Don McLeroy, a conservative board member on the losing side of the vote and a Sunday school teacher, later told a church group that he believed he could have persuaded more members to reject the books if he had challenged the assumption that nature is all there is.

"How can the materialistic philosophic naturalistic base dependency of Darwinism be brought into the discussion and used for our benefit?" Dr. McLeroy asked, according to a recording of the speech. "We didn't use it. All we did was stay with evidence, and we got run over."

Dr. McLeroy is now chairman of the board. Gov. Rick Perry appointed the Bryan dentist to the post in July.

The e-mail

On Oct. 26, Ms. Comer received an e-mail from the National Center for Science Education announcing a speech in Austin by Barbara Forrest, an author and scholar who has criticized the intelligent design movement for undermining science education.

Dr. Forrest also testified in a prominent federal district court case in Pennsylvania in 2005 that resulted in a ruling that struck down the Dover school district's policy of introducing intelligent design in the classroom as unconstitutional.

Ms. Comer forwarded the message to some science teachers and professors with a short message: "FYI."

An hour later, Ms. Comer says, a TEA official came to her office and showed her an e-mail from Lizzette Reynolds, another official in the agency, who said the FYI e-mail was worthy of termination or reassignment because it implied that TEA supported the speaker. Ms. Reynolds came to the TEA to run the agency's educational initiatives after working with the Bush administration.

Ms. Comer said she doesn't know who forwarded the e-mail to Ms. Reynolds.

Ms. Comer said she quickly sent out another e-mail stressing that her original message didn't express the views of the TEA.

After spending the next week out of the office, Ms. Comer said, she returned to hear that she had one day to resign or she would be fired.

TEA officials presented her with a three-page memo criticizing her for speaking at a conference without permission and for questioning the leadership at the agency when Robert Scott was serving as acting commissioner. Mr. Scott had since been named commissioner.

The memo also stated that Ms. Comer's e-mail about Dr. Forrest's speech had compromised the agency's neutrality in the curriculum revision process.

"I left there in shock," Ms. Comer said. "I was so embarrassed. I've never been fired in my life."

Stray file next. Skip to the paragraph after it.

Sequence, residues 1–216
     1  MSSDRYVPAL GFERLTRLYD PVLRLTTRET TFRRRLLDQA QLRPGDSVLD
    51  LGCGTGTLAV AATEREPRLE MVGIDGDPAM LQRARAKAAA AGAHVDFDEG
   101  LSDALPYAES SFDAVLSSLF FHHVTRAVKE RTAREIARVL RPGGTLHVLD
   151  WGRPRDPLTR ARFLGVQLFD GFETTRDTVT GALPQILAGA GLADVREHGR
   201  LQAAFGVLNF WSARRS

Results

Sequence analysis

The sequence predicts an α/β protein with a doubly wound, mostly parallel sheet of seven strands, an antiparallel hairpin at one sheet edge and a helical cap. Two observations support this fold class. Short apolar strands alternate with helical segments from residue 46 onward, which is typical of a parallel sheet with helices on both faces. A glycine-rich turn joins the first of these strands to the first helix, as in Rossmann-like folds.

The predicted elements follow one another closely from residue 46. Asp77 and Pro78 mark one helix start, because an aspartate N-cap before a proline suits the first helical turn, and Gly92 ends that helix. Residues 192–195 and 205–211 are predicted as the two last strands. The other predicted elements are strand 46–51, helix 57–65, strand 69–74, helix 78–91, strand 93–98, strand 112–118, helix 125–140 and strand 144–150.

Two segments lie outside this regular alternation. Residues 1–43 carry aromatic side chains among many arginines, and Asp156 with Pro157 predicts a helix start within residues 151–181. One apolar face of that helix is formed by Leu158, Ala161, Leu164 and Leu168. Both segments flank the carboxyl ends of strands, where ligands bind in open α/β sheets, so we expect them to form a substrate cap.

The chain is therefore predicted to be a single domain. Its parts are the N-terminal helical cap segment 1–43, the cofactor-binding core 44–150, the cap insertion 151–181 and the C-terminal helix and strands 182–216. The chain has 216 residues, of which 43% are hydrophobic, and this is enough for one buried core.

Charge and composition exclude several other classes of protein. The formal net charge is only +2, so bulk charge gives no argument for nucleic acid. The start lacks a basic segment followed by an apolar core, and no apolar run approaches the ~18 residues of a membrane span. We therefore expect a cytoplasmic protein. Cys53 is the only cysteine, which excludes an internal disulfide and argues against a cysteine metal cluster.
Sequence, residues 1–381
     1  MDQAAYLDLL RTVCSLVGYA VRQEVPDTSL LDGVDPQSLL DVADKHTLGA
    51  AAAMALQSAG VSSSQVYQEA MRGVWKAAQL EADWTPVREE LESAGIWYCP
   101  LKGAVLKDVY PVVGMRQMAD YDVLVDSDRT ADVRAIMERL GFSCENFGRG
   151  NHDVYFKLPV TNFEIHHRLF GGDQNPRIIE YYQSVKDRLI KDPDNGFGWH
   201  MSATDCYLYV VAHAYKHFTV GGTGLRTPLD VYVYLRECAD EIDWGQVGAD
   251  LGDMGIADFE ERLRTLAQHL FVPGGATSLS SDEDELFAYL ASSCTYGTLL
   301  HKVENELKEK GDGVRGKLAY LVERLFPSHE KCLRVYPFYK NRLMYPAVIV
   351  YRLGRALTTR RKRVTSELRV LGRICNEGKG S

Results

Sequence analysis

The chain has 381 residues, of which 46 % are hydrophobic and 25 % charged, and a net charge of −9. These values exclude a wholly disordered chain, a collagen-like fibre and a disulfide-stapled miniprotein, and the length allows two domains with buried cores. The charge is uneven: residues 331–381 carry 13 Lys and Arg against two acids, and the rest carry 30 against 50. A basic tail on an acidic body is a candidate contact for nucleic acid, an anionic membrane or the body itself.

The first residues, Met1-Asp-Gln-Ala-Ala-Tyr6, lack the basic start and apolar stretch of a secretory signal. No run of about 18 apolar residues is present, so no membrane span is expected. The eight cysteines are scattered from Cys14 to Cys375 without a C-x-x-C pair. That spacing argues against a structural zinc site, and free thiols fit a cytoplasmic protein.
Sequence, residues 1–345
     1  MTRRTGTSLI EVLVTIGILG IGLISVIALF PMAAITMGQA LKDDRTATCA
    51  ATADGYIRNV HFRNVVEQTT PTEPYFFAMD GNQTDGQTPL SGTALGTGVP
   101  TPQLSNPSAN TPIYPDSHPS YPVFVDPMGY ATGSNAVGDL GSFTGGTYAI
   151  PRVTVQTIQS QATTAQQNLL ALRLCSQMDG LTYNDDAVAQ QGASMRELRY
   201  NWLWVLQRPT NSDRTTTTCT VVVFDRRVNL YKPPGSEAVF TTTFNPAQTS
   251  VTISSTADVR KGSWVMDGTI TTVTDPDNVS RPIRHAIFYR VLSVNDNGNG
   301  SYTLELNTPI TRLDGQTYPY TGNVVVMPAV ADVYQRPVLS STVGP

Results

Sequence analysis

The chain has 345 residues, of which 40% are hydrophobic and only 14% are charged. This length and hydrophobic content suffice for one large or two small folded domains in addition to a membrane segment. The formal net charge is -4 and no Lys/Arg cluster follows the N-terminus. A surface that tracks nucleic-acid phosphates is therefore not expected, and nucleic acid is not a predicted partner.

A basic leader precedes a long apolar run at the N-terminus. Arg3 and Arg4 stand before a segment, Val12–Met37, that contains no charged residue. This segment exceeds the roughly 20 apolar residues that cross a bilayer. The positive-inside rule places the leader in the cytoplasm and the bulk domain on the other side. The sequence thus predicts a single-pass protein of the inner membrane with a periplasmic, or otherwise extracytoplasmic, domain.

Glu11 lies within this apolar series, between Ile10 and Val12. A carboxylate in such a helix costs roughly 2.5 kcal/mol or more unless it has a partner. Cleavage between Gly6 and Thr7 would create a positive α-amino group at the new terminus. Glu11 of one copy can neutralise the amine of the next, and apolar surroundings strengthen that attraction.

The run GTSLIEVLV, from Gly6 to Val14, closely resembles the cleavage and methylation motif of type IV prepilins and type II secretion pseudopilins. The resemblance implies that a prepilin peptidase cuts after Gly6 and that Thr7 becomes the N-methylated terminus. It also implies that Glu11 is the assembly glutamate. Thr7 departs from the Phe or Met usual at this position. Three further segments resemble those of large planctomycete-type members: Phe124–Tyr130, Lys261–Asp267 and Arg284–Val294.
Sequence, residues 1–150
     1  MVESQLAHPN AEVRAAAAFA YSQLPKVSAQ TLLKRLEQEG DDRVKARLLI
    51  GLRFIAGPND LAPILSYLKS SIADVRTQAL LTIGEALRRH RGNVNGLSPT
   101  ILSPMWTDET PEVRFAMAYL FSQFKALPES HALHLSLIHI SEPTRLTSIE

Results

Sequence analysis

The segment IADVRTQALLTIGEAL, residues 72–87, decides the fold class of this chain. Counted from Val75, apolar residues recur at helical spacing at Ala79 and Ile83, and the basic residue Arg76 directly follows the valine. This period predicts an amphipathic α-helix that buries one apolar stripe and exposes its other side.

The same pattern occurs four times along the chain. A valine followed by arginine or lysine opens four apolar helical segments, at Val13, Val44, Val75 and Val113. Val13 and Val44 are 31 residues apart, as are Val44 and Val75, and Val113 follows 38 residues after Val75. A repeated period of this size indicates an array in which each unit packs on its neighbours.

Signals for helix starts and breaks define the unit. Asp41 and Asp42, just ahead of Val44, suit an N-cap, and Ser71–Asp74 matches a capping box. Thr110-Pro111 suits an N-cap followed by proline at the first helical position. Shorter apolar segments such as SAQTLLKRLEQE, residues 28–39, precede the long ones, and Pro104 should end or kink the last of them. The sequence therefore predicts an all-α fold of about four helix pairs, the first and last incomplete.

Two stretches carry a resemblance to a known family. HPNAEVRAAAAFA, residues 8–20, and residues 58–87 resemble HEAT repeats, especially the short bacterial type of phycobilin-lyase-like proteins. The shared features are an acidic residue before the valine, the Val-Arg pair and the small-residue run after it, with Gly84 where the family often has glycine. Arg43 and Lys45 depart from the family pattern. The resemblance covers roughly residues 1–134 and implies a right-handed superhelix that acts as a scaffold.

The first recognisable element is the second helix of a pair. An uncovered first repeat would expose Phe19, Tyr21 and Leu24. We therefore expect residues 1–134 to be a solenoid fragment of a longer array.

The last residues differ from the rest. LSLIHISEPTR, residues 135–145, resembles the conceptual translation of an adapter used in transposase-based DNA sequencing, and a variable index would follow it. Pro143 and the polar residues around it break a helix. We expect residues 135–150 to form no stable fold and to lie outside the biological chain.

She resigned the next day.

"Obviously this is a personnel issue I can't comment on," Mr. Scott said. "Suffice to say there are other issues as well."

The TEA posted the science director's position a few days ago. Debbie Ratcliffe, an agency spokeswoman, said Ms. Comer's replacement will probably be chosen by a panel of agency employees.

The agency hopes to fill the position in January, the same time review groups are set to begin meeting and examining each aspect of the science curriculum.

On the horizon

Since Ms. Comer's departure, professors and teachers across the country have lined up to support her, as well as scientifically sound lessons on evolution. She now plans to retire. She is talking to a lawyer, but she said she hasn't yet decided whether to sue the agency. She said she is not optimistic about what the final standards will say about evolution.

"The way things are being done these days I don't think rational minds have a chance," she said.

Ten Republicans and five Democrats sit on the state board. Dr. McLeroy is part of a bloc of seven social conservatives who often vote together.

Mavis Knight, a Democrat from Dallas, said she supports evolution from a scientific standpoint.

"I think intelligent design is a sophisticated slick way of easing in biblical perspective, and that is not what science is about," she said.

The Science Teachers Association of Texas has issued suggested curriculum standards that keep evolution but eliminate the specific requirement to teach the strengths and weaknesses of theories.

Dr. McLeroy said he wouldn't vote to approve the change. He said he supports the current wording and also could support an addition that requires teaching the strengths and weaknesses specific to evolution.

"I'm a Christian, and I think about how this impacts everything," Dr. McLeroy said. "Religion is not just something you put on the side. It's everything. I see us all created in the image of God. I don't believe nature is all there is."

REQUIRED LEARNING

The Texas biology curriculum requires that a student do the following to demonstrate an understanding of scientific processes and concepts:

Scientific processes

The student uses critical thinking and scientific problem solving to make informed decisions. The student is expected to: analyze, review and critique scientific explanations, including hypotheses and theories, as to their strengths and weaknesses using scientific evidence and information;

Scientific concepts

The student knows the theory of biological evolution. The student is expected to:

(A) identify evidence of change in species using fossils, DNA sequences, anatomical similarities, physiological similarities and embryology; and

(B) illustrate the results of natural selection in speciation, diversity, phylogeny, adaptation, behavior and extinction.
THEORIES OF LIFE

What is evolution?

Biological evolution refers to the cumulative changes that occur in a population over time. These changes are produced at the genetic level as organisms' genes mutate and/or recombine in different ways during reproduction and are passed on to future generations. What is intelligent design?

The theory of intelligent design holds that certain features of the universe and of living things are best explained by an intelligent cause, not an undirected process such as natural selection.